SANTA FE, N.M., Sept. 17 (UPI) — Traffic jams could be reduced if traffic signals responded to cars and not the other way around, U.S. researchers say.
Researchers at the Santa Fe Institute say the new approach would have traffic lights reacting in real time to traffic flow, rather than restricting drivers to the control of rigidly timed signals, Sciencenews.org reported Friday.
By measuring the flow of vehicles in and out of intersections and coordinating lights with only their nearest neighbors, a system-wide smoothness would emerge, the researchers say.
An ultimate goal in traffic flow principles is “the green wave,” the consecutive run of greens that allows groups of vehicles to move smoothly through intersection after intersection.
When that happens, no drivers have to wait very long and sections of road don’t become so filled with cars that there’s no room for entering vehicles when the light does go green.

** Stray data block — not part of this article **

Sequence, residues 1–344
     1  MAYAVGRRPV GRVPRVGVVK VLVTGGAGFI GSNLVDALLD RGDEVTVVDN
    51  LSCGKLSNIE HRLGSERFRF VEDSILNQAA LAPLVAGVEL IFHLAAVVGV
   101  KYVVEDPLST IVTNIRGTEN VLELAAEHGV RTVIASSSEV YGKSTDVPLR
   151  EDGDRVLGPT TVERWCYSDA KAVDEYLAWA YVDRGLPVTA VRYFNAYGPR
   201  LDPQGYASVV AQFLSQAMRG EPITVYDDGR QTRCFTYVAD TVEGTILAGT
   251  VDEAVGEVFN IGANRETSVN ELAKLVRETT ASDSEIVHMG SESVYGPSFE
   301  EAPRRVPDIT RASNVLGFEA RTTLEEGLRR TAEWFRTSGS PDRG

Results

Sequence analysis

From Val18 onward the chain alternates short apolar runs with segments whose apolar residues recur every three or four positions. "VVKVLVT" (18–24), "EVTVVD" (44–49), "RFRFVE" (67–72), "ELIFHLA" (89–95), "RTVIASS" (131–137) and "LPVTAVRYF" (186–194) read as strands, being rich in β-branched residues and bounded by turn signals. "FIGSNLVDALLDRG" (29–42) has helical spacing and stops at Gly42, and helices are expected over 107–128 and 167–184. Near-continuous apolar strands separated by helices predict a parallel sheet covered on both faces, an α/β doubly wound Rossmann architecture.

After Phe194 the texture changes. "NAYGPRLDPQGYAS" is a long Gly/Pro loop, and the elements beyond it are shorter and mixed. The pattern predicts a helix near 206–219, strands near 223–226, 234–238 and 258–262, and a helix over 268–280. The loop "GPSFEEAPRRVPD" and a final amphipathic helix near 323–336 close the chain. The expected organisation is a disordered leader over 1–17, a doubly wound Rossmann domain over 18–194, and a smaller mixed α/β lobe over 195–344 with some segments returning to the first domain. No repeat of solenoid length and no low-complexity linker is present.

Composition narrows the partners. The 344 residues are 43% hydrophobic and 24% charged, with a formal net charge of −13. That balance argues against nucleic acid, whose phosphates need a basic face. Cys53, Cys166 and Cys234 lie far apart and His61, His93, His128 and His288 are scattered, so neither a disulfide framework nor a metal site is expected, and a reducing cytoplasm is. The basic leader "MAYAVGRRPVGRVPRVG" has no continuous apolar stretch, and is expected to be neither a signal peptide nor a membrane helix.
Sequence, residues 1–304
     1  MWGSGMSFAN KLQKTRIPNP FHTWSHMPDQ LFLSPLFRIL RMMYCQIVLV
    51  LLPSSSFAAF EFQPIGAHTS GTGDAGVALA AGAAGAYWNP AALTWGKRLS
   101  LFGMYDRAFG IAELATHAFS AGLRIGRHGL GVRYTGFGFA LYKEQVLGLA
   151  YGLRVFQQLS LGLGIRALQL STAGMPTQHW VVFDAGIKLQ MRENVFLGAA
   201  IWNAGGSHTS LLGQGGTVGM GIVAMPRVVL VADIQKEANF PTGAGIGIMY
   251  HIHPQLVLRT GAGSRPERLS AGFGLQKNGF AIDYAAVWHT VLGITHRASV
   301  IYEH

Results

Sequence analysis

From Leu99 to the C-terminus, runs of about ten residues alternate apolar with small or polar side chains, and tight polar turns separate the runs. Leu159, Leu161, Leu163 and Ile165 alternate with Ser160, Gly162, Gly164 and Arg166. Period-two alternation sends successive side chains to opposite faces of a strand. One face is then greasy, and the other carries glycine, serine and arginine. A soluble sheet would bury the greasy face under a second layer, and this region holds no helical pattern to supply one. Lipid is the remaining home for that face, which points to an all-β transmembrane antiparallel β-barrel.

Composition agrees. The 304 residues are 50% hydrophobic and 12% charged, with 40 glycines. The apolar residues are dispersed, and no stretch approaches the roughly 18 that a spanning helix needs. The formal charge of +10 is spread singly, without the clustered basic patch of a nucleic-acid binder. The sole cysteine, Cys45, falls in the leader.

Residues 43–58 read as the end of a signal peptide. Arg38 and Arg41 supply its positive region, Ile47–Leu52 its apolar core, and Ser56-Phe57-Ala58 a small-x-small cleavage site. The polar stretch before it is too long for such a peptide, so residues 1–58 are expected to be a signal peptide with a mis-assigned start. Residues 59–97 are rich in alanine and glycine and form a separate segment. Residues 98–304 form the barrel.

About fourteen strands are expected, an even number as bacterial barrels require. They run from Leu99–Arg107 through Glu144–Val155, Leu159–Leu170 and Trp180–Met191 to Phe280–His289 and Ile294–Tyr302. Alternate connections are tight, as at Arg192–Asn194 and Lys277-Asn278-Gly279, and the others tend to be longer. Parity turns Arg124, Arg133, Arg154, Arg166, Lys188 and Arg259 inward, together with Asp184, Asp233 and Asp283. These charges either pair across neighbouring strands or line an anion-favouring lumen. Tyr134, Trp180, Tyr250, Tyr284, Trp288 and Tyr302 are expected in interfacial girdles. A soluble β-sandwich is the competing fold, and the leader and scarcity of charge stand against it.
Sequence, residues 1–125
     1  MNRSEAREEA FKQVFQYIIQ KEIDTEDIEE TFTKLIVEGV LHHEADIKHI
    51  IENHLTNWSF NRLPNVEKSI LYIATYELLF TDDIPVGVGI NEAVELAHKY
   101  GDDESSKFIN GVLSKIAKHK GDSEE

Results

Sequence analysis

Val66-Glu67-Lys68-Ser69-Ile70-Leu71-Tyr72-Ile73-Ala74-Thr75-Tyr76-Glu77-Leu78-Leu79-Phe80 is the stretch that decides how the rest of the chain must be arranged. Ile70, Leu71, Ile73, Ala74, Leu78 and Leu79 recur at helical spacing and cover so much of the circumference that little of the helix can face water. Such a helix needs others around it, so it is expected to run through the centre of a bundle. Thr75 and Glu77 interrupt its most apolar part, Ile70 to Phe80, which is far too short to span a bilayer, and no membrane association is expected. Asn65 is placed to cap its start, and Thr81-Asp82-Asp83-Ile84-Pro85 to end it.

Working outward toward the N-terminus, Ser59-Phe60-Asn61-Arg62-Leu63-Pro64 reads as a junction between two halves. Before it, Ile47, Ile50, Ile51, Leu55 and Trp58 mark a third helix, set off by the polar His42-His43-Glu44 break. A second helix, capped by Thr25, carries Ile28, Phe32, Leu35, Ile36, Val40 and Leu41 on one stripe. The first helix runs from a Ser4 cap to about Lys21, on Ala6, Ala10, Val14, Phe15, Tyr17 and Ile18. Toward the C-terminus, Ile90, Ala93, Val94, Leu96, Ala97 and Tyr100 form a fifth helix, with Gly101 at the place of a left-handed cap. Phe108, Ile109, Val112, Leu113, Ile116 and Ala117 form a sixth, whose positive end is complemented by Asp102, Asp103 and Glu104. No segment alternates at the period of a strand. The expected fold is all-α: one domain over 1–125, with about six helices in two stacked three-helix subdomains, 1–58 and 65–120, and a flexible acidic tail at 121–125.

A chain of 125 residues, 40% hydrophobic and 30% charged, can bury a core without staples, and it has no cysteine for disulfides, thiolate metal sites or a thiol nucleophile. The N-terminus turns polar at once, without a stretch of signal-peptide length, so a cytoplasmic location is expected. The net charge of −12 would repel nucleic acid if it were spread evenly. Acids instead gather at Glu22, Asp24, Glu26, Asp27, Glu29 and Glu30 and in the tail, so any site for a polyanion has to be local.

Traffic lights usually operate on an “optimal” cycle that maximizes the flow of traffic expected for particular times of day, such as rush hour.
But even for a typical time on a typical day, variation in the number of cars at each light and the direction each car takes leaving an intersection can cause roads to back up, researchers say.
In the proposed system, two sensors at each intersection would measure incoming and outgoing traffic flow, and lights would be coordinated with every neighboring light, so that one light can alert the next, “Hey, heavy load coming through.”
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